How do we know what children have learned?

Back in August I blogged about a forum for artists, educators, and arts organisations that took place in Melbourne with Arnie Aprill from the Chicago Arts Partnership in Education. One of the discussion topics was documentation and the importance of using the video documentation to record what is being learned by students when they engage in open-ended, contemporary arts collaborations.

“How do we know what children have learned in an arts project? We ask them!” Arnie declared, and as soon as he said it, we all realised it was true. Simple, true and brilliant. “And,” he went on, “We film them talking about it, and use this footage to document the growth and development of their thinking and understanding, and to demonstrate to others the value of the projects in terms of student learning.”

Studentswriting in reflective journals (Gillian Howell, Culture Jam)Therefore, throughout the Culture Jam project (my artist-in-residence project at Elsternwick Primary School in 2012) I included interviews with students as part of the ongoing project reflections, and filmed these interviews. I also gave them questions to consider and respond to in the reflective journals they wrote each week. These inclusions gave useful insights to me and the coordinating teacher throughout the project, but they also served as a form of student assessment.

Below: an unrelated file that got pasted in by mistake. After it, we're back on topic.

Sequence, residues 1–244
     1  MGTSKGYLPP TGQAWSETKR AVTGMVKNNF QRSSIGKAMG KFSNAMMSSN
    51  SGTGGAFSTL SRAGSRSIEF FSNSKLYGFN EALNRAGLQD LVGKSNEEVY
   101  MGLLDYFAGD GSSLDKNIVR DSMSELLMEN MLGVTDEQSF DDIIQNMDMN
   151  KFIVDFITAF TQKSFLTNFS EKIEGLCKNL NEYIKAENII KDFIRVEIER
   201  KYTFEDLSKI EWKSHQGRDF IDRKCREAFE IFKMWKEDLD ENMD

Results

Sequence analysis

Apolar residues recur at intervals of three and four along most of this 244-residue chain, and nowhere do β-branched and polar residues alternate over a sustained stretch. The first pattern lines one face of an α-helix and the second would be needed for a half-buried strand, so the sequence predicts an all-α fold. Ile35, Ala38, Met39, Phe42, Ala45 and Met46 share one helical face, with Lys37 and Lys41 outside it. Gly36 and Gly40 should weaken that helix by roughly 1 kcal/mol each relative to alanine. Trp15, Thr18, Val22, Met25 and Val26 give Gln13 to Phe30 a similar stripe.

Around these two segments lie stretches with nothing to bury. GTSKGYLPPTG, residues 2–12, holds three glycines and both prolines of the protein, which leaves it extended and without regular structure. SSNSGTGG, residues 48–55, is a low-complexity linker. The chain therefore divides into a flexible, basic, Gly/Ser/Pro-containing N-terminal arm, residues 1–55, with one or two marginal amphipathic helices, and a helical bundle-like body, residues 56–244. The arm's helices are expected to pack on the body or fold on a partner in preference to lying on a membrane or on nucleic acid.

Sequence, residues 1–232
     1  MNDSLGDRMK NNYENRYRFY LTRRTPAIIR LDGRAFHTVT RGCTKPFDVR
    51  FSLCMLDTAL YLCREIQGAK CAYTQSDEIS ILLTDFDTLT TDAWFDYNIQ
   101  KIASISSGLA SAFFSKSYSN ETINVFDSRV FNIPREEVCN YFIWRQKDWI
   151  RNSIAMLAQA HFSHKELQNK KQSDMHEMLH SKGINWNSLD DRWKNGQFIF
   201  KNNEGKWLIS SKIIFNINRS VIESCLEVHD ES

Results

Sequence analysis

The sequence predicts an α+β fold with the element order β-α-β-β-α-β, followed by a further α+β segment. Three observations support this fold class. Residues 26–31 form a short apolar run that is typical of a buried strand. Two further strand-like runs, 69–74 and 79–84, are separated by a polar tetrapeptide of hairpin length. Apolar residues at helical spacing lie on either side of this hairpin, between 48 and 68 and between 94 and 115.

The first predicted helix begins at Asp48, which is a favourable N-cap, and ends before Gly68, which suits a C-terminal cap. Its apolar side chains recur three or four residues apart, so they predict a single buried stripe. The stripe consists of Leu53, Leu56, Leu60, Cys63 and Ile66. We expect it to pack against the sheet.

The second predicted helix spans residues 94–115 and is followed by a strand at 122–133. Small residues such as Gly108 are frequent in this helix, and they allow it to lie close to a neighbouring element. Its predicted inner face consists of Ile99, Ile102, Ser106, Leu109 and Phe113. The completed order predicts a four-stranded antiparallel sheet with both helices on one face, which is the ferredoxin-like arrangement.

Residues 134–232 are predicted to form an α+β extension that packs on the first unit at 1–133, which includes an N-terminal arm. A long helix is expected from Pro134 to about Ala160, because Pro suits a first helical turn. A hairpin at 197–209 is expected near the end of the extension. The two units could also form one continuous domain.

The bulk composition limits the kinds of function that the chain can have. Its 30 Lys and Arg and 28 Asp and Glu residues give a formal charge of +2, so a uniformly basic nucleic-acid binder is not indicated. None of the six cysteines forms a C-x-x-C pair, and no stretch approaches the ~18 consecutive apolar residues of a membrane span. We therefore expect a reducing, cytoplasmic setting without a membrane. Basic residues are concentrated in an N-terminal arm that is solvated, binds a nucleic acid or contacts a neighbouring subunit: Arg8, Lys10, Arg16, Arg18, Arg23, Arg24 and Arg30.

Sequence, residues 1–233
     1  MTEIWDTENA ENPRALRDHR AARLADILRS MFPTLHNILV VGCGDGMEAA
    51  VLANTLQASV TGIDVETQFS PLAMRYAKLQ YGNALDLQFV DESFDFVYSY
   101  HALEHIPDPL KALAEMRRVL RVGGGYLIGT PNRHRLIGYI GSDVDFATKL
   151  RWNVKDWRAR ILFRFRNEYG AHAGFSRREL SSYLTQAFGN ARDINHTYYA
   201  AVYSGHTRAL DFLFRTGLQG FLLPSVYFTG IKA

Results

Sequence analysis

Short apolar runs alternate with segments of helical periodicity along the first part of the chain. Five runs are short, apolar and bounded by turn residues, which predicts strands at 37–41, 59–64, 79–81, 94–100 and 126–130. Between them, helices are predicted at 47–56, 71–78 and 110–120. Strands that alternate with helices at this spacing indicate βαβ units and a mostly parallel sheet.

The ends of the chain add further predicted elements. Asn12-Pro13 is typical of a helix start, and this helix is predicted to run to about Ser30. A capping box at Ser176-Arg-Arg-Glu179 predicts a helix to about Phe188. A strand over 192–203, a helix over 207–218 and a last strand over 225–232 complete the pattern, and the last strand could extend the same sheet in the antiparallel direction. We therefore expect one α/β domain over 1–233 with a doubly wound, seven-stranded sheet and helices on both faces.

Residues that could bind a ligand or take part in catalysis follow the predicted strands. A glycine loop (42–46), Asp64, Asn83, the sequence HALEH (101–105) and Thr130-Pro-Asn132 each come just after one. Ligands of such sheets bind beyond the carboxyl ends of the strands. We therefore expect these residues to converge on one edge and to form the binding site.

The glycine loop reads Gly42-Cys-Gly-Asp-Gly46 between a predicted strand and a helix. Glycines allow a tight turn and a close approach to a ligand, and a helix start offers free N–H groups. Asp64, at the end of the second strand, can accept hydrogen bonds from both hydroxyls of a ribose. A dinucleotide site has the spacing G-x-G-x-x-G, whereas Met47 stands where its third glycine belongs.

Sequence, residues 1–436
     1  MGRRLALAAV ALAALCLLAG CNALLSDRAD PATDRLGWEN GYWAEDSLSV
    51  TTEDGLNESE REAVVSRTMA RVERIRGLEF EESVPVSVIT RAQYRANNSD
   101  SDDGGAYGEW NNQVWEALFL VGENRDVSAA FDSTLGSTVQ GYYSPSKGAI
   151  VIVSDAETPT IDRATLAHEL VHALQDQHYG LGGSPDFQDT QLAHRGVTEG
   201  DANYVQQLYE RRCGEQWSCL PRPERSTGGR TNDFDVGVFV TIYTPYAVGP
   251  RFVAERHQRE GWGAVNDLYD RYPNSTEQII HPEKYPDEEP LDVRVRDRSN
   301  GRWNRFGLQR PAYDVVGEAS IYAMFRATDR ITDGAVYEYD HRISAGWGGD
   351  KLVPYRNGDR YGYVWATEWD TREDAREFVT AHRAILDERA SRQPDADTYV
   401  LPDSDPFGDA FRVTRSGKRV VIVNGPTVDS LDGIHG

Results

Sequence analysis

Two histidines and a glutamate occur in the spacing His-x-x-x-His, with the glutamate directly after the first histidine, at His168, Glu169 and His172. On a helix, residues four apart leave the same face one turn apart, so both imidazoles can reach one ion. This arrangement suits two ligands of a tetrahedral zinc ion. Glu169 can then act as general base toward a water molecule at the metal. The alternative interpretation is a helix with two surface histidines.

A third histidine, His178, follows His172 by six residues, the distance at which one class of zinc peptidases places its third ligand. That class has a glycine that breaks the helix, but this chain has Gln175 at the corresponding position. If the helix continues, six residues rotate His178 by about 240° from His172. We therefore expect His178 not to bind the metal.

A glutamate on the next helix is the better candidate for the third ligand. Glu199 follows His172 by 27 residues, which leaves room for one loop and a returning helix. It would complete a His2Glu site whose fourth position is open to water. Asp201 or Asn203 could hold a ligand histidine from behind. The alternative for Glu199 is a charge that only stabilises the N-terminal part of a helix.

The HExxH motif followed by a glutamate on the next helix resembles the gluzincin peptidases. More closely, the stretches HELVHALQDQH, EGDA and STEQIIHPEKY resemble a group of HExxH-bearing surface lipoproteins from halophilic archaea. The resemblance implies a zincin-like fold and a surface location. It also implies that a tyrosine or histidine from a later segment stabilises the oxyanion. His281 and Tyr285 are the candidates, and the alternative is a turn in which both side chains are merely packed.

I’ve now finished editing that footage and you can watch it in the clip below. Head to my Youtube channel to see footage of the other compositions – their work in progress and their performances.

To learn more from the vast experiences, expertise and wisdom of Arnie Aprill, you can pay a visit to his blog here, or via the Music Work blogroll.

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1 comment so far

  1. bridgettremblay12 on

    Reblogged this on bridgettremblay12.


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